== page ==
Sporotrichosis in cats and people is rare in the UK and most common in Brazil

NEWS AND OPINION: I make sure that people realise that in some of my articles I express my opinion as I feel I must but opinions are always based on hard facts and careful research.

Sporotrichosis is a zoonosis which means it can be transmitted from cat to person.
Two useful tags. Click either to see the articles:- Toxic to cats | Dangers to cats

In this instance, remarkably, Google News reports on a UK government website article about sporotrichosis, a fungal disease commonly known as “rose gardener’s disease”. The disease is a zoonosis which means that it can be transmitted from animals to people. It can also be contracted from the environment (soil). It’s caused by a group of fungi from the family/species called Sporothrix.

In the UK sporotrichosis infections are very rare. Normally they are caused through environmental exposure meaning the person picked up the fungus from the ground for example and perhaps this is why it is called the rose gardener’s disease.

In 2022 there was an outbreak of this disease affecting three people and of interest to cat owners, it was most likely caused by coming into contact with a domestic cat imported from Brazil. This was the first time that sporotrichosis had been transmitted from a cat to a person in the UK and indeed is the first time it happened outside of South America where it is the most prevalent.

The UK government website provides a list of the number of UK imports of domestic cats from Brazil by year, from 2017 to the end of July 2023. It may surprise some people that there is a consistency in the importation of domestic cats from Brazil and the numbers are not insignificant at, for example, 89 cat in 2017 through 46 consignments.

Here is the table:

YearNumber of consignmentsNumber of cats% change in cat import numbers from previous year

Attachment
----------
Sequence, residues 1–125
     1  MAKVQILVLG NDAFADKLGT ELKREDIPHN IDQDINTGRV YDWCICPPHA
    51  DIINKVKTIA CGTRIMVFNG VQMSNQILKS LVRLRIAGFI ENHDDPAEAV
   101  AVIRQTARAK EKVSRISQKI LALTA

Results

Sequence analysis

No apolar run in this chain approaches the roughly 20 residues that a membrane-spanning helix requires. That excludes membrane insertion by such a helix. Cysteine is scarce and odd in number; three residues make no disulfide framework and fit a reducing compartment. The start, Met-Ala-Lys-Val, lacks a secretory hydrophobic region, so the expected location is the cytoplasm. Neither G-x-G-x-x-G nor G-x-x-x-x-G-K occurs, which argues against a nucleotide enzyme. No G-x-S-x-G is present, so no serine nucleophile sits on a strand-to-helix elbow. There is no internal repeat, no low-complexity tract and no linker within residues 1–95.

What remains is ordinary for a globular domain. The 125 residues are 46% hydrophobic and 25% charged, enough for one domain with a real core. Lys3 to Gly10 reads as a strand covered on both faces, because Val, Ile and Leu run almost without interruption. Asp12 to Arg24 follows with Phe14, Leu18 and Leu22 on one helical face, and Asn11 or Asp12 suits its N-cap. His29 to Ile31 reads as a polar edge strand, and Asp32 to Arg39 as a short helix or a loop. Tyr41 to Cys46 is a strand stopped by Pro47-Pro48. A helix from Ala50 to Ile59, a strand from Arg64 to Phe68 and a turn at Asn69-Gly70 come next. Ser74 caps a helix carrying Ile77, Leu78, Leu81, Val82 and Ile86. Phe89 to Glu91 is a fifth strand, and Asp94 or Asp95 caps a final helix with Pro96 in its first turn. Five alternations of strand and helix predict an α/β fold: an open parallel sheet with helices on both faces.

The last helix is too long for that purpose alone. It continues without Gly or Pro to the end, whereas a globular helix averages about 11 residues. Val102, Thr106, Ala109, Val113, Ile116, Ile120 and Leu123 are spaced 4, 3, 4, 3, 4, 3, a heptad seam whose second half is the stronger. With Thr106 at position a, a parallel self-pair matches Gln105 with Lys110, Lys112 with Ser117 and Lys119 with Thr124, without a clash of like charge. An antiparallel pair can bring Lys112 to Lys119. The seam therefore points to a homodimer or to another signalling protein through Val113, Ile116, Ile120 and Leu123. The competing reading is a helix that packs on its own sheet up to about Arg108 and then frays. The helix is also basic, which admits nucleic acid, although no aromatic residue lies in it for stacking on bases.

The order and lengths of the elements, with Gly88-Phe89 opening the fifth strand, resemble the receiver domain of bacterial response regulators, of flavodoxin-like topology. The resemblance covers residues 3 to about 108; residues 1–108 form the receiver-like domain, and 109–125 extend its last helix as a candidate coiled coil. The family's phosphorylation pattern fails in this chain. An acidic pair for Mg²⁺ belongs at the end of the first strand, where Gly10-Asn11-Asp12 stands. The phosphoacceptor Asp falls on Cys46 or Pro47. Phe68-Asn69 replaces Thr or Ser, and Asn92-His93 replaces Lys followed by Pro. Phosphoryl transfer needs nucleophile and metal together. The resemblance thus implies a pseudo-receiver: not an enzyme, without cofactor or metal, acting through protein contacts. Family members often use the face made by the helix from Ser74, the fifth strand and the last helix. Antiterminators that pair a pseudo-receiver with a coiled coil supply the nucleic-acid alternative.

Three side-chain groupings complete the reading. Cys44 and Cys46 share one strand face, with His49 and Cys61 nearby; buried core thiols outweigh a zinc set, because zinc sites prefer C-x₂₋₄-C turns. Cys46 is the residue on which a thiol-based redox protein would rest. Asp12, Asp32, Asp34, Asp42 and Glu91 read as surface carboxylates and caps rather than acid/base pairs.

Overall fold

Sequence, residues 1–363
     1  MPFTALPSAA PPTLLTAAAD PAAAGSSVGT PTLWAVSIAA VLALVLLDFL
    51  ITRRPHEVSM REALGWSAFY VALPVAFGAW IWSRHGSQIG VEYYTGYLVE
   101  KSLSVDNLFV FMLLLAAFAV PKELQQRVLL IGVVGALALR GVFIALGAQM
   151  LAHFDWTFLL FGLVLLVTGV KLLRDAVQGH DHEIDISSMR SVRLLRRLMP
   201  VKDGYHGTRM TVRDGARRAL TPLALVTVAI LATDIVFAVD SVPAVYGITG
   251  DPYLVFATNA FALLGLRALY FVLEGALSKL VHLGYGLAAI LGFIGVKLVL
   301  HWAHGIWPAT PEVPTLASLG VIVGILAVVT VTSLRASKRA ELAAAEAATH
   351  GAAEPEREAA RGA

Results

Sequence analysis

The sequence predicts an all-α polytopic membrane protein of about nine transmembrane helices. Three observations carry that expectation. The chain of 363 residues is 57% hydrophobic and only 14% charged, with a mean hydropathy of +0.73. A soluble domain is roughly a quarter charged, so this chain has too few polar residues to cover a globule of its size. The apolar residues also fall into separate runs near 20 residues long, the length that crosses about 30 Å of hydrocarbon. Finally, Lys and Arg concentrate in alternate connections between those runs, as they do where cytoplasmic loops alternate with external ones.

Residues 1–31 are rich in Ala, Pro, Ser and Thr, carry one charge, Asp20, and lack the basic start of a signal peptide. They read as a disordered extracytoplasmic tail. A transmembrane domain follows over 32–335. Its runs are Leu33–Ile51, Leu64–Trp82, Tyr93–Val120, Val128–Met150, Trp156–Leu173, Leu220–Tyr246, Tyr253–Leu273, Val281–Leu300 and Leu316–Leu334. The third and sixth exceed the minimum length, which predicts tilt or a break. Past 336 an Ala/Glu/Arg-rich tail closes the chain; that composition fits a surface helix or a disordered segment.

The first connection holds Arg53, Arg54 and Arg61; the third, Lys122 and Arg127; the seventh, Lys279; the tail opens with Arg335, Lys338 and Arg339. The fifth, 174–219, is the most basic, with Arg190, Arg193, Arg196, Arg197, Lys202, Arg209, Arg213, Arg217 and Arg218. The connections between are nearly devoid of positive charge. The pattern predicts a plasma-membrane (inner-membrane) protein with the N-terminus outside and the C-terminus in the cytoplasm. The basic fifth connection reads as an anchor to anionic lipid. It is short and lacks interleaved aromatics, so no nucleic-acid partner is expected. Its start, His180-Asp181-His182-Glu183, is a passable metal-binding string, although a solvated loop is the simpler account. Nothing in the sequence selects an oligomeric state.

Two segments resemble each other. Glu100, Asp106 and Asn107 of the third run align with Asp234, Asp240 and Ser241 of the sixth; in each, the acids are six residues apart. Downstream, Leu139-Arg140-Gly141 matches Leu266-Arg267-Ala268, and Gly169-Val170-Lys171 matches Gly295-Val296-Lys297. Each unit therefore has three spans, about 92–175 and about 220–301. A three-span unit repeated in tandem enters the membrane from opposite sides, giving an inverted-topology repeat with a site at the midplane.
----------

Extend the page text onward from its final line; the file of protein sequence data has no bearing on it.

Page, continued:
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There is no legal requirement to test for this disease in cats imported into the UK. And, I understand that there’s no legal framework to control the disease if present in the UK.

Cats with the disease may have extensive skin lesions (breaks in the skin). This may prevent them being imported to the UK if these lesions are apparent (they are – see note).

Note: I have just looked at some photographs of domestic cats suffering from sporotrichosis and frankly the pictures are very difficult to look at. The lesions are enormous and primarily over the face. There’s no way these cats would be exported from Brazil or imported into the UK looking that ill. No doubt the lesions on some cats are much less obvious than in others. I can’t show a photograph of a domestic cat with extensive lesions because it would be too distressing and advertisers do not allow their adverts being associated with difficult to view pictures of sick cats or people.

For people who live in both Brazil and the UK and who travel between the two countries regularly and who might wish to import a domestic cat from Brazil to the UK, I think it’s worthwhile for you to know about these lesions which it may be advisable to check for.

In humans, the disease has a three week to 3-month incubation period after exposure. The experts say that humans contract (acquire) the disease through ‘traumatic inoculation’. That’s a strange phrase but it means the pathogen i.e. the fungus is delivered under the skin which I presume means the cat has to scratch the person or the person has a break in the skin and that area comes into contact with the lesions on the cat mentioned above.

The symptoms on a human are initially a raised area of the skin at the site where the fungus was delivered to the person and which is red (inflamed). These are called erythematous papules.

These develop into subcutaneous nodules which means lumps under the skin which spread along the lymphatic system and they may become ulcerated.

Note: I have also seen photographs of people infected by this fungal disease and the inflamed areas are very noticeable. They are quite extensive and they will need to be thoroughly investigated by a doctor or perhaps a specialist consultant.

Veterinarians should be cautious about handling cats from Brazil if they present with lesions. They should note the travel history of the cat. Deceased infected cat shouldn’t be buried to prevent soil contamination but cremated.

You should seek your doctor’s advice on treatment because I’m not qualified to provide that information. This article is simply flagging a possible rare situation that might occur to a person unfortunately. They would be very unfortunate because as mentioned it is very rare but it is one of a number of zoonotic diseases which means a disease that can be transmitted from a domestic cat or other animal to a person.

In Brazil, more than 11 000 human cases have been reported in the past 10 years.

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